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[reg-uh-lith] /ˈrɛg ə lɪθ/
Origin of regolith
1895-1900; < Greek rhêgo(s) rug, blanket + -lith Unabridged
Based on the Random House Dictionary, © Random House, Inc. 2015.
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Examples from the web for regolith
  • Gather some regolith from an asteroid into bags for extra shielding at the sides.
  • On the moon, the panel must also survive the dusty environment cause by the regolith.
  • The scanning electron micrograph of the ash particle reminds me of similar pictures of regolith.
  • Without the print, it could be that, or it could be regolith.
  • Sure, a lot of energy is needed to extract and purify these from lunar regolith, but that is what nuclear power is for.
British Dictionary definitions for regolith


the layer of loose material covering the bedrock of the earth and moon, etc, comprising soil, sand, rock fragments, volcanic ash, glacial drift, etc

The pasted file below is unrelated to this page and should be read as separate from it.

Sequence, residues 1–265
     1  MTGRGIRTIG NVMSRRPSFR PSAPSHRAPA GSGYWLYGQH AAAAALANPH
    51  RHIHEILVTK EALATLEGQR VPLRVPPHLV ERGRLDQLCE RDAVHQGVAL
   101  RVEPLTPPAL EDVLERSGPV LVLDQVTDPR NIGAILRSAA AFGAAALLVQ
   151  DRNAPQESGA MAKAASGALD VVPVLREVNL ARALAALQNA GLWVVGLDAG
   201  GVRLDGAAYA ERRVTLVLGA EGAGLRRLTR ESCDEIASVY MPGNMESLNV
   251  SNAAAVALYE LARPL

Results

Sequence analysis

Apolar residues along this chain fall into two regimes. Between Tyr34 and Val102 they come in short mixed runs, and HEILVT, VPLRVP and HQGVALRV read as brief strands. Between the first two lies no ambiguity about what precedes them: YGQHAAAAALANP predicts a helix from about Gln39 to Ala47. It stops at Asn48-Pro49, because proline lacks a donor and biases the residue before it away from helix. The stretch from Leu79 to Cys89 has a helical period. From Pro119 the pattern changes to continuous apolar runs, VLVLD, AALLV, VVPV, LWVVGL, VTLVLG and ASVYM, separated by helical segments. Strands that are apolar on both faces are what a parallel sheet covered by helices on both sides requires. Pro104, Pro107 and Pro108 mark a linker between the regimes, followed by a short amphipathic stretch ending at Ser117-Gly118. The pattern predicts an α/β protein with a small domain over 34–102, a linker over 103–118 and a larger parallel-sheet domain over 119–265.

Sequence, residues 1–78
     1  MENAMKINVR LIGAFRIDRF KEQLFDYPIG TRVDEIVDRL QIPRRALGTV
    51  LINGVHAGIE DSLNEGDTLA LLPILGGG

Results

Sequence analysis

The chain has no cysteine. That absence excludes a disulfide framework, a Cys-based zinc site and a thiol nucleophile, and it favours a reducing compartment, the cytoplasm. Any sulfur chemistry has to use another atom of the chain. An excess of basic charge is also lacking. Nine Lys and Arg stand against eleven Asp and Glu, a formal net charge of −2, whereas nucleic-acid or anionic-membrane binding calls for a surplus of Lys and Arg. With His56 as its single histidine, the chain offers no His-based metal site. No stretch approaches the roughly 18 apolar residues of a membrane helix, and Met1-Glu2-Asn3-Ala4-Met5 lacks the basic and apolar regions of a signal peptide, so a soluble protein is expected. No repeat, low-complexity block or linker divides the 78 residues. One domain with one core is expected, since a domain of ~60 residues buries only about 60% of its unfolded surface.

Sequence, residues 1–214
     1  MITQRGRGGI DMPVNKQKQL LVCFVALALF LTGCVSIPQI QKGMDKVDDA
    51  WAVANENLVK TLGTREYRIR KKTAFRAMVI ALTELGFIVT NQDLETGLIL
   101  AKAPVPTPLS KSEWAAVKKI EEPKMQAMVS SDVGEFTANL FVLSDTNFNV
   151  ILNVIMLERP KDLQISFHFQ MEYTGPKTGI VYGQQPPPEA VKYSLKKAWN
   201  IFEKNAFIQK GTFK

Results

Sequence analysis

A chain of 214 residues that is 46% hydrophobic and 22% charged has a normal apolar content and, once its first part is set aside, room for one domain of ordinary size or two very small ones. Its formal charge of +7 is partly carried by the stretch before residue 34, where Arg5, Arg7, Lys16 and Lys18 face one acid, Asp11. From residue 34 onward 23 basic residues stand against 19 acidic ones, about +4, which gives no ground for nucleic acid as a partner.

Word Origin
C20: from Greek rhēgos covering, blanket + lithos stone
Collins English Dictionary - Complete & Unabridged 2012 Digital Edition
© William Collins Sons & Co. Ltd. 1979, 1986 © HarperCollins
Publishers 1998, 2000, 2003, 2005, 2006, 2007, 2009, 2012
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Word Origin and History for regolith

1897, from Greek rhegos "rug, blanket," from PIE *reg- (3) "to dye" (see raga) + lithos "stone" (see litho-).

Online Etymology Dictionary, © 2010 Douglas Harper
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regolith in Science
The layer of rock and mineral fragments that rests on bedrock and is produced by the weathering of rocks. Regolith constitutes the surface of most land.
The American Heritage® Science Dictionary
Copyright © 2002. Published by Houghton Mifflin. All rights reserved.
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